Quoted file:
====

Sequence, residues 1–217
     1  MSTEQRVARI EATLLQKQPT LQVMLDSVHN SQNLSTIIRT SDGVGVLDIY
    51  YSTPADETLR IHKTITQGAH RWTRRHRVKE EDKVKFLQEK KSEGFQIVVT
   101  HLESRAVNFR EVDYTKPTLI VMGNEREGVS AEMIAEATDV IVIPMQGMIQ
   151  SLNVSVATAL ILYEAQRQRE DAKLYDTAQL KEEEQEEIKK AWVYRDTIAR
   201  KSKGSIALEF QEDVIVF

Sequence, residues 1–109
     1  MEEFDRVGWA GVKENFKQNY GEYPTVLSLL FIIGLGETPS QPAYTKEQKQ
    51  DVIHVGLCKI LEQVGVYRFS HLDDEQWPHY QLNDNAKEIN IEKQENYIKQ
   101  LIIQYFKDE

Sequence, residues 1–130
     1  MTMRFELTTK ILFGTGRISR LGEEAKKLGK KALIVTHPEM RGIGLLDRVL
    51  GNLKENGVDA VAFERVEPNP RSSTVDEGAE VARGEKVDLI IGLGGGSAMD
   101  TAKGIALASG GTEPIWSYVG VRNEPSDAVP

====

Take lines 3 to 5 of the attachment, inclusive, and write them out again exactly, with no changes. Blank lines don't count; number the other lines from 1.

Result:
    51  YSTPADETLR IHKTITQGAH RWTRRHRVKE EDKVKFLQEK KSEGFQIVVT
   101  HLESRAVNFR EVDYTKPTLI VMGNEREGVS AEMIAEATDV IVIPMQGMIQ
   151  SLNVSVATAL ILYEAQRQRE DAKLYDTAQL KEEEQEEIKK AWVYRDTIAR